29-year old Binyam Mohammed al-Habashi, a refugee from Ethiopia who arrived in the UK with his father in 1995, was a janitor at a mosque in west London. Captured in Pakistan in April 2002, he was then handed over to the US authorities, who, in one of the most devastatingly inept failures of intelligence in the whole of the “War on Terror,” decided that he was a major al-Qaeda terrorist, and “rendered” him first to Morocco, where he was tortured for 18 months, and repeatedly had his penis cut by razor blades, and then to their own “Dark Prison” in Afghanistan. Scheduled to face a Military Commission, his case was dropped in June 2006 after the Supreme Court ruled that the Commissions were illegal, and has not been reinstated.Abdulnour Sameur
34-year old Abdulnour Sameur, an Algerian refugee, was granted asylum in April 2000, after deserting from the Algerian army, because, he said, he was “made to go in the streets and shoot innocent people.” Accused of having advance knowledge of 9/11, he explained in Guantánamo that he made this up in the US prison in Kandahar airbase, when the interrogators threatened to withhold medical treatment. “I told them this in Kandahar during the interrogations because the interrogators were dogs,” he said. “I had an injury in my leg. I had metal sticking out of my leg and they would not clean the wound; they would not give me treatment ... I just told them anything, whatever they wanted to hear because I wanted them to treat my leg. I saw other people whose legs had to be cut off. I did not want my leg to be cut off... If you were in my place, if you were in Kandahar you would have done the same thing. Just like a small child.”
In tracing the history of the British government’s refusal to help its residents in Guantánamo, and the shifting patterns of its relationship with the US authorities, the first major insight occurred in October 2006, when, in an article in the Guardian
, Ian Cobain and Vikram Dodd revealed that, after months of secret negotiations, the US administration had offered to return “nearly all” the British residents in the summer of 2006, but the British government had refused the offer. Cobain and Dodd pointed out that senior officials not only maintained that the residents had “no legal right to return,” but also dismissed the US authorities’ demands that the prisoners be “kept under 24-hour surveillance if set free” as “unnecessary and unworkable.”
The documents on which the Guardian
article was based were witness statements from David Richmond, director general of defence and intelligence at the Foreign Office, and William Nye, director of counter-terrorism and intelligence at the Home Office. Cobain and Dodd reported that, on June 27, 2006, after a meeting between UK officials and representatives of the US State Department, the Department of Defense and the National Security Council, David Richmond wrote, “The US administration would only be willing to engage with the UK government if it sought the release and return of all the detainees who had formally resided in the UK (i.e. regardless of the quality of their links with the UK), rather than just a subset of the detainees falling in that category.” William Nye added, “The US administration envisages measures such that the returnees cannot legally leave the UK, engage with known extremists or engage in support, promote, plan or advocate extremist or violent activity, and further have the effect of ensuring that the British authorities would be certain to know immediately of any attempt to engage in any such activity.”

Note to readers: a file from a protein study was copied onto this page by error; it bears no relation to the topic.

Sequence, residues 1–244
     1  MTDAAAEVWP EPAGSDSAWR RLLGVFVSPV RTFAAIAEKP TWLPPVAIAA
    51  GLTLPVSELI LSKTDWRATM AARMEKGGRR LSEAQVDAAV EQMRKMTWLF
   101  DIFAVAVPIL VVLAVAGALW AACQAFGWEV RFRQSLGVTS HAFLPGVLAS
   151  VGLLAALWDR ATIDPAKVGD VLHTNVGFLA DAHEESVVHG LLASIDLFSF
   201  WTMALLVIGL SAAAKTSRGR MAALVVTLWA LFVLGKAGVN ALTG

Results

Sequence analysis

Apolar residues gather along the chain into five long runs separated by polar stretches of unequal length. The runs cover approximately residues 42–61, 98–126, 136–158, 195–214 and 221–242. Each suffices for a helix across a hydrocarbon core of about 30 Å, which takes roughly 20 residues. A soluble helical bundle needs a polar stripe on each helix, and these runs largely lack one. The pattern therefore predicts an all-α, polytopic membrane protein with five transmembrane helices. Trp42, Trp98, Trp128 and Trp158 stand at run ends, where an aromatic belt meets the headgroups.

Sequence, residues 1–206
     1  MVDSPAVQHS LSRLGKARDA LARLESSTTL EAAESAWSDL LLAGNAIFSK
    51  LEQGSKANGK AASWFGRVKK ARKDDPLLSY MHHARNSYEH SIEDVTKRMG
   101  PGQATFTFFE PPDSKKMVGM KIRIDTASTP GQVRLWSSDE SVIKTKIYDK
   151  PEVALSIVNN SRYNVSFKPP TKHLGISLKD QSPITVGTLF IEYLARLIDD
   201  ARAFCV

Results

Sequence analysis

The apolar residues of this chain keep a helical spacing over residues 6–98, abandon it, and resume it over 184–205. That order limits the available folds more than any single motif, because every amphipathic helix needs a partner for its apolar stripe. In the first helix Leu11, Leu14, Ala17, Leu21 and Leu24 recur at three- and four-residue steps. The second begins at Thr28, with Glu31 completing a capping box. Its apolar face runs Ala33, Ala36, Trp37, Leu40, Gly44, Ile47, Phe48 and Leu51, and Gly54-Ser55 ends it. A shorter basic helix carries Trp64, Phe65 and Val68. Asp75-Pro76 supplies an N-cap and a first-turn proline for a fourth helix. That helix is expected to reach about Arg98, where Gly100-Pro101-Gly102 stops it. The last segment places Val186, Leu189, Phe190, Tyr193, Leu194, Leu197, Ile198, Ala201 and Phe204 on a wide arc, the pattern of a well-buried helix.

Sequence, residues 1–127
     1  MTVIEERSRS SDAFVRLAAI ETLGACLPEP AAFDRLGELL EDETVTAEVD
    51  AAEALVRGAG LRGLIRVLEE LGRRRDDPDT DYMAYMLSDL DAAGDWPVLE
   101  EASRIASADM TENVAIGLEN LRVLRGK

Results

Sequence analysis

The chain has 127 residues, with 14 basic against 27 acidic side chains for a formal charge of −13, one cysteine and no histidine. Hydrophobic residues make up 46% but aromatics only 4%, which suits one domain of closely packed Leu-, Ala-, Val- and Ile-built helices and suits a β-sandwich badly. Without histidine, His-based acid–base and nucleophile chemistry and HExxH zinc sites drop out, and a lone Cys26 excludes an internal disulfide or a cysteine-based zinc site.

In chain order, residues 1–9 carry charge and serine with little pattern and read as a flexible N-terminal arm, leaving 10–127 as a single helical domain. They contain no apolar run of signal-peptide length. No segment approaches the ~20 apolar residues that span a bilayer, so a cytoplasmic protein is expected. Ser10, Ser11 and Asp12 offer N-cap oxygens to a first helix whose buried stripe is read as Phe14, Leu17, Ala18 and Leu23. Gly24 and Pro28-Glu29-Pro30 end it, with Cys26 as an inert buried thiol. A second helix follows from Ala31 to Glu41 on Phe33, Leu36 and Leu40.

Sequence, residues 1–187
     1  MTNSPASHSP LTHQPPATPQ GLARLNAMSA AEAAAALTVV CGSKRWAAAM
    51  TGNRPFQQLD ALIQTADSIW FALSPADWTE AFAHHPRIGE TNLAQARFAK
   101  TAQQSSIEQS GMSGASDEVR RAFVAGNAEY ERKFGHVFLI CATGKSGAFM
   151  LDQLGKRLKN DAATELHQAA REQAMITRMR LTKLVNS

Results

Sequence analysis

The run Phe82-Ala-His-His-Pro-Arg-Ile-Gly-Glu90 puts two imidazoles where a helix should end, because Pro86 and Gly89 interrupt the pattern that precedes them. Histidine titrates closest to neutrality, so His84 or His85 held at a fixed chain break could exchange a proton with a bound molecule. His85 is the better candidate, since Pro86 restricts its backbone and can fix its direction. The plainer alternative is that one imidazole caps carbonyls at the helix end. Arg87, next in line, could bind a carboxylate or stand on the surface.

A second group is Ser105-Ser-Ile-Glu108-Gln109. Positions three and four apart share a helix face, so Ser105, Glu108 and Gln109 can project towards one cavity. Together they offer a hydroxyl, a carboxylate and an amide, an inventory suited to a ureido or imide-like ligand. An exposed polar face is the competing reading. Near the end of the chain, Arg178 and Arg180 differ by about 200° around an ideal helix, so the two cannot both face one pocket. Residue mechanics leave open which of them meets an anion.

Nye also declared, “I am not satisfied it would be proportionate to impose … the kind of obligations which might be necessary to satisfy the US administration.” He explained that the measures demanded by the Americans would have to be enforced by MI5 and would divert vital resources away from countering more dangerous terrorist suspects. “The use of such resources … could not be justified and would damage the protection of the UK's national security,” he wrote, adding, crucially, that the Guantánamo prisoners “do not pose a sufficient threat to justify the devotion of the high level of resources” the US would require.
Refusing the American offer, the British officials explained that they were only interested in the return of one resident, Bisher al-Rawi. Clinging to their story that he was “now known to have helped MI5 keep watch on Abu Qatada” – and refusing to acknowledge, as documents
released by his lawyers in March 2006 revealed, that both he and Jamil El-Banna had actually been betrayed to the Americans by British intelligence – they remained true to their word, and al-Rawi returned safely to the UK on 30 March 2007, to be reunited with his family.
In the meantime, however, the status of three of the British residents had changed since the summer of 2006, when Washington’s “all-or-nothing” offer was turned down. In February, lawyers for Ahmed Errachidi, a Moroccan who had been working as a chef in London for 16 years, and Ahmed Belbacha, an Algerian ex-footballer who had been working at a hotel in the seaside resort of Bournemouth, were informed that they had been cleared for release from Guantánamo, “after diplomatic arrangements for their departure had been made,” because a review board had determined that they no longer represented a threat to the US or its allies and no longer had any “intelligence value.” Callously, however, the British government refused to accept the men back, maintaining that, “Because they are not British citizens, we're not providing any consular or diplomatic assistance.” On May 25, lawyers for Jamil El-Banna were informed that he too had been cleared for release. As with Errachidi and Belbacha, however, the British government refused to take him back.